God then teaches Adam the names of all things and assembles the angels in front of Adam so as to show them that there is more to Adam than they know, particularly the high intellectual capacity of Adam:
"And He taught Adam the names - all of them. Then He showed them to the angels and said, "Inform Me of the names of these, if you are truthful." They said: "Glory to Thee (said the angels), of knowledge We have none, save what Thou Hast taught us: In truth, it is Thou Who art perfect in knowledge and wisdom." He said: "O Adam! Tell them their names." When he had told them, God said (to the angels): "Did I not tell you that I know the secrets of heaven and earth, and I know what to reveal and what to conceal?"
God commands the angels to bow down to Adam. All obey, except for Iblis, who feels that is made from fire, should not be bowing to Adam who was made from earth. His disobedience of God's command followed by pride caused to fall out of God's favour:
"And behold, We said to the angels: "Bow down to Adam" and they bowed down. Not so Iblis: he refused He was of those who reject faith (those who are disobedient)." (2:34)
God later places Adam and Eve in the garden and tells them that they are free to enjoy of its fruits except not to come near a certain tree: (2:35)
"We said: "O Adam! dwell thou and thy wife in the Garden, and eat of the bountiful things therein as (where and when) ye will; but approach not this tree, or ye run into harm and transgression."
Satan then deceives Adam and Eve into eating of the fruits of the tree: (2:36)
"Then did Satan make them slip from the (garden), and get them out of the state (of felicity) in which they had been. We said: "Get ye down, all (ye people), with some of you having enmity towards others. On earth will be your dwelling-place and your means of livelihood - for a time."
Adam and Eve feel a lot of remorse for their actions, but God turns to Adam in mercy and consoles him: (2:37)
"Then learnt Adam from his Lord words of inspiration, and his Lord Turned towards him; for He is Oft-Returning, Most Merciful."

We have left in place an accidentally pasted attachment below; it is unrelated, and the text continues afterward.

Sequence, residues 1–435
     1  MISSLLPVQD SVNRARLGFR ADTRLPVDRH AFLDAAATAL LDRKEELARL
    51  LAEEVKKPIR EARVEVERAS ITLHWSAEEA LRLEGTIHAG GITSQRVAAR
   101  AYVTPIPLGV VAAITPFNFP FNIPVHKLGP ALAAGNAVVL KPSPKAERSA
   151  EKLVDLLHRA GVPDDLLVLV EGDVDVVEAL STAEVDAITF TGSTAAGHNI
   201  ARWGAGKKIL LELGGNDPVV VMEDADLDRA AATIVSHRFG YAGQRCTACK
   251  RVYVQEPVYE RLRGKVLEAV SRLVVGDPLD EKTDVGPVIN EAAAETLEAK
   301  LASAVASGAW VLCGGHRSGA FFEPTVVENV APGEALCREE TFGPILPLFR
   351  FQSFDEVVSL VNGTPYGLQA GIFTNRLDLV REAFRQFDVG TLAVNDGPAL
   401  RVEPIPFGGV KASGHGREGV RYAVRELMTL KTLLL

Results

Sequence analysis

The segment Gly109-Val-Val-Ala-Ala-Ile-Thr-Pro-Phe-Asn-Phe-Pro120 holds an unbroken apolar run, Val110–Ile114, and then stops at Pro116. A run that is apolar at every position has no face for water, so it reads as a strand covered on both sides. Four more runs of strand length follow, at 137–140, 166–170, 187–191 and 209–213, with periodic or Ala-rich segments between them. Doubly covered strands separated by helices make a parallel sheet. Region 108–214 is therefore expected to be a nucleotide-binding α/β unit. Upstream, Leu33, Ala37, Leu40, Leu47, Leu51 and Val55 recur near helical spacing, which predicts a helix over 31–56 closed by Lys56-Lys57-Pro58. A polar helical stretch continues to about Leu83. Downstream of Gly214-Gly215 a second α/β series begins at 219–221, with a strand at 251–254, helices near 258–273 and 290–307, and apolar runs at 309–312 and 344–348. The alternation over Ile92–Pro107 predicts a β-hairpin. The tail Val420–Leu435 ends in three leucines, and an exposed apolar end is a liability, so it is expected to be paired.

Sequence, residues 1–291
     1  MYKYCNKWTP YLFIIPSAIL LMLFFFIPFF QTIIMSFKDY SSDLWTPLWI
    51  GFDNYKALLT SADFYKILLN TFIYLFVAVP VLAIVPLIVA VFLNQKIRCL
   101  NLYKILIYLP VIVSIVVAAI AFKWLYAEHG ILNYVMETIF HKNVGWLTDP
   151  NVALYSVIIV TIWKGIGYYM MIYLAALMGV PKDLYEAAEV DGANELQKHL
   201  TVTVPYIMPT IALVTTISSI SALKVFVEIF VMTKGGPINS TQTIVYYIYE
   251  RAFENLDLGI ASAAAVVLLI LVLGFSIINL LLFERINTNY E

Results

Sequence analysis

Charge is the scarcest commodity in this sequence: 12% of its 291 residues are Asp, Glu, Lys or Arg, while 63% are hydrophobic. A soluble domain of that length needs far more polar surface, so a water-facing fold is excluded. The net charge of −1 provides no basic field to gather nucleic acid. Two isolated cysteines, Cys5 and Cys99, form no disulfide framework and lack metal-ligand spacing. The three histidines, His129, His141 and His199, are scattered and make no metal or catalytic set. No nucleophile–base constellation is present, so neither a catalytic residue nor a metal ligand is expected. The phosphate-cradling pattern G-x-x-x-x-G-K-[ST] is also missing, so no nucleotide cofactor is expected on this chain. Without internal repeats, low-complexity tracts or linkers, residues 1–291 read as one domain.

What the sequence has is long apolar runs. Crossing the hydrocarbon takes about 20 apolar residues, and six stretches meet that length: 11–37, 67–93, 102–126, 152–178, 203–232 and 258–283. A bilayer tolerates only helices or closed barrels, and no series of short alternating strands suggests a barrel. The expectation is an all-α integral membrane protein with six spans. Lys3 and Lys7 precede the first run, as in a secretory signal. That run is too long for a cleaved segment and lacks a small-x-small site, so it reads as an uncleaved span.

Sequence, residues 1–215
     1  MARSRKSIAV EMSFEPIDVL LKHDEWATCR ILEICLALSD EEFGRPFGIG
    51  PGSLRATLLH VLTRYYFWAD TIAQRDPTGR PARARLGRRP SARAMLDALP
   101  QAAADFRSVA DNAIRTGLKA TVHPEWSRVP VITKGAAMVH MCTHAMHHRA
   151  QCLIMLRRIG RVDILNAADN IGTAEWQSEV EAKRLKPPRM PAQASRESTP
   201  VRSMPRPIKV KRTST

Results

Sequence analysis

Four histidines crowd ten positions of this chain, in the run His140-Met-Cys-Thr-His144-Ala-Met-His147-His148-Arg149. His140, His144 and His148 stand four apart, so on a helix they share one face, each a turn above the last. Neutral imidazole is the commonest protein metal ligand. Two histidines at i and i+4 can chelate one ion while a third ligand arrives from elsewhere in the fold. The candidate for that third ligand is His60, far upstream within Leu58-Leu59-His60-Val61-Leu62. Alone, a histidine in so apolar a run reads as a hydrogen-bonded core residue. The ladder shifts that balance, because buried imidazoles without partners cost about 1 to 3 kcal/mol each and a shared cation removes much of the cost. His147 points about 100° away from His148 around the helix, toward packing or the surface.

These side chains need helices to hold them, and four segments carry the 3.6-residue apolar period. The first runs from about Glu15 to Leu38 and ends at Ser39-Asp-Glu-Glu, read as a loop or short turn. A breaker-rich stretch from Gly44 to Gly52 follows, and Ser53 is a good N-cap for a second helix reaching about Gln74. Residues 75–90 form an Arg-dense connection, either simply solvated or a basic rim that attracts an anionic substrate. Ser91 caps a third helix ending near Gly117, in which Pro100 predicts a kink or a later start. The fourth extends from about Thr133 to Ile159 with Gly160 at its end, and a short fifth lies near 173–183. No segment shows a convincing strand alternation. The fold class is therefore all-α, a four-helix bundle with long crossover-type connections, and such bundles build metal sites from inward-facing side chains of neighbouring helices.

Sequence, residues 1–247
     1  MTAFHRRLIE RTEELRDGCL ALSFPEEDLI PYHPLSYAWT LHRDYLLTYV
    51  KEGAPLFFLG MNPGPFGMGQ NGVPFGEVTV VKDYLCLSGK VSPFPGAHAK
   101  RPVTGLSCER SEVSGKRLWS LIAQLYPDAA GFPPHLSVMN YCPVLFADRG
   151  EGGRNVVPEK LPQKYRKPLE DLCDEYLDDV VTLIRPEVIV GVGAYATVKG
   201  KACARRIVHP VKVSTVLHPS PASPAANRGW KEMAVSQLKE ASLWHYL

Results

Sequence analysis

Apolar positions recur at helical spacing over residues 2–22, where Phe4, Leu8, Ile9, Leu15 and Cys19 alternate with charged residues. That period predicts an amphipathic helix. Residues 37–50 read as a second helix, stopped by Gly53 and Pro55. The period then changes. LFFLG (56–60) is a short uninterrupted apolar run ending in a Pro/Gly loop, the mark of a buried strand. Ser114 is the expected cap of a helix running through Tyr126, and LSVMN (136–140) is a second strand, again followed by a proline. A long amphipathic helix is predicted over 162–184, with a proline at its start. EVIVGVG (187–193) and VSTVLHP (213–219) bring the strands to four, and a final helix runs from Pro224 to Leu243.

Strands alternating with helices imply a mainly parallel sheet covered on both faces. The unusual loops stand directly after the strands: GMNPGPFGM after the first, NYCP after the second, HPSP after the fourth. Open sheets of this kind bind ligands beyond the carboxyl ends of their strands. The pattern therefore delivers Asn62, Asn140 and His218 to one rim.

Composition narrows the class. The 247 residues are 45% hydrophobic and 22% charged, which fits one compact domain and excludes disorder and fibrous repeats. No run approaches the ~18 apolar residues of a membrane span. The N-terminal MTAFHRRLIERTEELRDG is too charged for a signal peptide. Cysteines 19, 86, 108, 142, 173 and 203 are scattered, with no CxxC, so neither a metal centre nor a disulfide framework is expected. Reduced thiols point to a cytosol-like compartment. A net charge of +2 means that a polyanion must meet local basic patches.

God then informs Adam that God will send his guidance to Adam and his progeny: (2:38)
"We said: "Get down all of you from this place (the garden), then whenever there comes to you Guidance from Me, and whoever follows My Guidance, there shall be no fear on them, nor shall they grieve."
In the Garden of Eden, Satan (often identified as Iblis) lures Adam and Eve into disobeying God by tasting the fruit from the forbidden tree. God, sends Adam and Eve out into the rest of the earth.
See also [ edit ]
- Biblical and Quranic narratives
- Legends and the Qur'an
- Prophets and messengers in Islam
- Stories of The Prophets
Notes [ edit ]
- Lalljee, compiled by Yousuf N. (1981). Know your Islam (3rd ed.). New York: Taknike Tarsile Quran. p. 71. ISBN 978-0-940368-02-6.
- Historical Dictionary of Prophets in Islam and Judaism, Wheeler, Adam and Eve
- Scott B. Noegel, Brannon M. Wheeler The A to Z of Prophets in Islam and Judaism Scarecrow Press 2010 ISBN 978-1-461-71895-6 page 13
- Oliver Leaman The Qur'an: An Encyclopedia Taylor & Francis 2006 ISBN 978-0-415-32639-1 page 11
- Qur'an 2:30.
- "Surah Al-Baqarah [2:31]". Surah Al-Baqarah [2:31]. Retrieved 2020-04-24.
- "Surah Al-Baqarah [2:32]". Surah Al-Baqarah [2:32]. Retrieved 2020-04-24.
- "Surah Al-Baqarah [2:34]". Surah Al-Baqarah [2:34]. Retrieved 2020-04-24.
- Wheeler, Brannon M. (2001). Introduction to the Quran : stories of the prophets. New York: Continuum. ISBN 978-0-8264-4957-3.
- Thorp, John (1982). "The Muslim Farmers of Bangladesh and God's Creation of the World". Asian Folklore Studies. 41 (2): 202–203. doi:10.2307/1178123. JSTOR 1178123.
- Phipps, William (1996). Muhammad and Jesus. New York: The Continuum Publishing Company. pp. 122–3. ISBN 978-0-8264-0914-0.
- al-Tabari (1989). The History of al-Tabari. New York: State University of New York Press. p. 259. ISBN 978-0-88706-562-0.
- Ingvar Svanberg, David Westerlund Islam Outside the Arab World Routledge 2012 ISBN 978-1-136-11322-2 page 3
- Shahpari, Hasan Islamic Economy and Social Mobility: Cultural and Religious Considerations: Cultural and Religious Considerations IGI Global ISBN 978-1-466-69732-4 page 179
- Kathir, Al-Imam ibn (2013). Stories of the Prophets. Fortress iPublications. ISBN 978-1-4848-4091-7.
- Michael E. Stone, ed. (1998). Biblical figures outside the Bible. Harrisburg, Pa.: Trinity Press Internat. ISBN 978-1-56338-247-5.
- https://www.academia.edu/7170404/Shaggy_or_Shaved (Scroll down to page 12) Adam was given the honorary name of "Adam-I-Safi" meaning: The Chosen One.
- Roberto Tottoli, “ʿAnāq”, in Encyclopaedia of Islam, THREE, ed. by Kate Fleet and others (first published online 2009), <https://dx.doi.org/10.1163/1573-3912_ei3_COM_22679>.
- Quran 3:59
- Quran 15:26–32
- Quran 7:19–24
- Quran 20:115–123
- Knappert, Islamic Legends, 39-40.
References [ edit ]
- Saad Assel, Mary (2010). 25 Icons of Peace in the Qur'an: Lessons of Harmony. iUniverse. p. 244. ISBN 978-1-4401-6901-4.
- Mehar, Iftikhar Ahmed (2003). Al-Islam: Inception to Conclusion. AL-ISLAM. p. 240. ISBN 978-1-4107-3272-9.
- Islam Kotob. Stories Of The Prophets By Ibn Kathir. Islamic Books.
- Lalljee, compiled by Yousuf N. (1993). Know your Islam (3rd ed.). New York: Taknike Tarsile Quran. p. 255. ISBN 978-0-940368-02-6.